Data monetization is the act of turning corporate data into currency. The currency can be in the form of actual dollars, but it also refers to data used as a bartering device or a product or service enhancement.Content Continues Below
The term data monetization has risen in lock-step with trends like big data and the Internet of Things. As C-level executives continue to recognize the value of data, and as the world continues to be instrumented with sensors and real-time analytics, data will continue to be a booming business.
But precisely how the term is defined can differ from one person to the next. Doug Laney and Olive Huang, two researchers from Gartner, for example, refer to data monetization practices as either direct (data sold or traded) or indirect (data becomes the foundation for new product or service offerings). They point to Wal-Mart with its Retail Link trading portal and Alibaba with its targeted personal finance offerings as two companies that have successfully built data monetization opportunities.
Barbara H. Wixom, principal research scientist at the MIT Center for Information Systems Research, on the other hand, suggests there are three distinct ways to monetize data. In her 2014 research note "Cashing in on your Data," she listed the three data monetization approaches as selling, bartering or wrapping.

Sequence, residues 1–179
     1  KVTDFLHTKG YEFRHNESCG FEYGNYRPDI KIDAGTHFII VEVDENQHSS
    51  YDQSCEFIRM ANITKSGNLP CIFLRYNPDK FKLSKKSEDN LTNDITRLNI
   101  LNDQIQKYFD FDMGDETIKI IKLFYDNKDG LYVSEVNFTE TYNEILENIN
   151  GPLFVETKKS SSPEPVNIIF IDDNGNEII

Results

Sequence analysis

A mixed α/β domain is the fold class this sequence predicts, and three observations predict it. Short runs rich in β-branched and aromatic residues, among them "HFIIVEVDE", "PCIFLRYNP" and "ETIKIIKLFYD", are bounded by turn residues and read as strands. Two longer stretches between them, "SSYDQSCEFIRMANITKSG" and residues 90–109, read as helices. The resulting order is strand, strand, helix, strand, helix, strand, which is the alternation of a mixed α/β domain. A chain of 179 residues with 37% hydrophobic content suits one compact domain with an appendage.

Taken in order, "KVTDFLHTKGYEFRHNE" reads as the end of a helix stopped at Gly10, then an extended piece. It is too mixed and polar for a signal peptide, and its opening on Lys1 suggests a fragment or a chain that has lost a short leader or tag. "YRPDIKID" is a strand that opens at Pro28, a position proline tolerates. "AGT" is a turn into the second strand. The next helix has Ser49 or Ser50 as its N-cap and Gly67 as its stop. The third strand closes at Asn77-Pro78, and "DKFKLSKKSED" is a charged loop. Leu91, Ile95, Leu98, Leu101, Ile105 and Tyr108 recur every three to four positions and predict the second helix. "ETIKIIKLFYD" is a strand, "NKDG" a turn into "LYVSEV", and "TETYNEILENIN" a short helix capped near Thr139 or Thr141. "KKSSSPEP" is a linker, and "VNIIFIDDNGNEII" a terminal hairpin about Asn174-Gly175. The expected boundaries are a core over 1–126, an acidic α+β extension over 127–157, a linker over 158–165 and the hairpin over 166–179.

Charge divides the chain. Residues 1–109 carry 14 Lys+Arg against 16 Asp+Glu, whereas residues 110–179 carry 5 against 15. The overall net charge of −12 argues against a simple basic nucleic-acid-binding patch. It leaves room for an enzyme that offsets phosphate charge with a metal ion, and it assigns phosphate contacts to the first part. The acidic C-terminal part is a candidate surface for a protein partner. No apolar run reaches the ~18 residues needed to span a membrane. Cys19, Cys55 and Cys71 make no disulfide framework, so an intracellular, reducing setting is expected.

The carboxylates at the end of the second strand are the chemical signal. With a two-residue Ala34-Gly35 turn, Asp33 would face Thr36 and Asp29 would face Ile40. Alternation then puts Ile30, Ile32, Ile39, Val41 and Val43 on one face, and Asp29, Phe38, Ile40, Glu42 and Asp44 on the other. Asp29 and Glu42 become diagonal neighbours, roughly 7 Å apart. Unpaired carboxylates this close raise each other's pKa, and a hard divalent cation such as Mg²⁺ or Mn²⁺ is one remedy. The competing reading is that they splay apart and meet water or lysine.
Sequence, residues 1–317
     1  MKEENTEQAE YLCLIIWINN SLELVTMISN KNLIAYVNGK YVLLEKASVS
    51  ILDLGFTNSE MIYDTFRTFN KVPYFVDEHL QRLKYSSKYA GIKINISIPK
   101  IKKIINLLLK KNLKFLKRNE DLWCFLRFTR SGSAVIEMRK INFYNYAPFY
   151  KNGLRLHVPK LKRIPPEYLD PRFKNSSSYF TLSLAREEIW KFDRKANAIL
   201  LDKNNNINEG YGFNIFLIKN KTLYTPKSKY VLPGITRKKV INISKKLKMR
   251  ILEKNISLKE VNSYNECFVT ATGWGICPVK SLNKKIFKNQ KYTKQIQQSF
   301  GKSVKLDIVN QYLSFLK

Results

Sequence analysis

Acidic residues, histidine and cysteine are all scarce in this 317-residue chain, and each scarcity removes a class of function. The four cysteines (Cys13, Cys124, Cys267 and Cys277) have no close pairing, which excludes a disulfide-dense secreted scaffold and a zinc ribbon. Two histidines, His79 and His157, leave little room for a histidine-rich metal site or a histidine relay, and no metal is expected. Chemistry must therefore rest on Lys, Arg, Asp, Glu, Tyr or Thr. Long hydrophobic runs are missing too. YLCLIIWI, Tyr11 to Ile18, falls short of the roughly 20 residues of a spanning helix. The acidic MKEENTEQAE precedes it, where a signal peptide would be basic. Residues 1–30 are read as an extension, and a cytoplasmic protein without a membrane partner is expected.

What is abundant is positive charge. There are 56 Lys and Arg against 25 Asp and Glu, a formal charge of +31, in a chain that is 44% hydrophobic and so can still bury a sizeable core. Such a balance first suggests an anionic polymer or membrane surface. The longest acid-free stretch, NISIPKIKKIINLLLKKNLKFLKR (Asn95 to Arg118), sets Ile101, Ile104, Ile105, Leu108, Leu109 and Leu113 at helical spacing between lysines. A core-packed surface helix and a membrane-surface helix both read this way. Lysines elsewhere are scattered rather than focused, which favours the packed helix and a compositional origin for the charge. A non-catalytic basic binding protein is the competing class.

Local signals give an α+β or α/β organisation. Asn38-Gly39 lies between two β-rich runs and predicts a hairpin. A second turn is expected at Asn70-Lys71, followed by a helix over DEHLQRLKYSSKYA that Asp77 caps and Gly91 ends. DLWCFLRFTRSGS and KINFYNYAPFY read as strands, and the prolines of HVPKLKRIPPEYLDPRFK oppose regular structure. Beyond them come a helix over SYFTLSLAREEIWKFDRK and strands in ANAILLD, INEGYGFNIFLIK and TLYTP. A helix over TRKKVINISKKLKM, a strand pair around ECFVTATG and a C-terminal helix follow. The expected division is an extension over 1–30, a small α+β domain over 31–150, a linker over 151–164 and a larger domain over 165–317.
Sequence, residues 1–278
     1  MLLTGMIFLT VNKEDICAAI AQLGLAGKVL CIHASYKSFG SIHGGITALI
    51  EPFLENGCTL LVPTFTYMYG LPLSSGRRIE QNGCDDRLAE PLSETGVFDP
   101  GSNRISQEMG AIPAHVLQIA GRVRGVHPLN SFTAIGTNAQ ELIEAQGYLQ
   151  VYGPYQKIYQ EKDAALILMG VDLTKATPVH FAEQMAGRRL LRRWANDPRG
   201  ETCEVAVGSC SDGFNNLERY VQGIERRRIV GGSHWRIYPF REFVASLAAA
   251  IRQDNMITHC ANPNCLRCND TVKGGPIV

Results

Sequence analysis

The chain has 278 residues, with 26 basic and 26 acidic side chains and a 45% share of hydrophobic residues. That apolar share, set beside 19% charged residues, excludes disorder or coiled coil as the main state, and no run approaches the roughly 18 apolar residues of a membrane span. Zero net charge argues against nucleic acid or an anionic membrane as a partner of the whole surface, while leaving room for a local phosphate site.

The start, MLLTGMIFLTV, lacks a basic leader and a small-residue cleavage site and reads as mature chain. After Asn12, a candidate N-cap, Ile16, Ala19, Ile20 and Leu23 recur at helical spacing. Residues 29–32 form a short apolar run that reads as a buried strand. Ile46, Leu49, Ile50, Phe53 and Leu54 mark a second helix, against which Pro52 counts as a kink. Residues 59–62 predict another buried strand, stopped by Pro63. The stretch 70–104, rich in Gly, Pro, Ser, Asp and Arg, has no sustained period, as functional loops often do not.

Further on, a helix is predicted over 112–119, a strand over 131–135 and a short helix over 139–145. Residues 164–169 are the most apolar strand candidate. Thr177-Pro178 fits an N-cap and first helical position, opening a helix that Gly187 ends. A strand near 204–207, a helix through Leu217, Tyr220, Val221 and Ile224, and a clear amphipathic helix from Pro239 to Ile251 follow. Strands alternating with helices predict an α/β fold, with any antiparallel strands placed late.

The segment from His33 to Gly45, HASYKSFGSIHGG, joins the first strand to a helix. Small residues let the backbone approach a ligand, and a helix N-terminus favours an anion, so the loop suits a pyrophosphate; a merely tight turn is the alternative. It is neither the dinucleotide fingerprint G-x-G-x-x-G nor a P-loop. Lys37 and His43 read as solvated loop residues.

Selling data outright, something retailers have been doing for years with point-of-sale or customer loyalty data, is a way to introduce new revenue streams to the company. When bartering, data is exchanged for goods or services such as reports or benchmark metrics, according to Wixom. Finally, companies that include data offerings with their products at no added charge are wrapping products in data. "The desired outcomes of wrapping include increased market share, wallet share, switching costs and prices," according to Wixom's report.
Along with its potential, data monetization introduces challenges businesses won't be able to ignore. Businesses will need to comply with legal and regulatory constraints when selling or bartering with data. They'll also have to consider the tricky area of data privacy, which can attract or deter customers, depending on the company policy.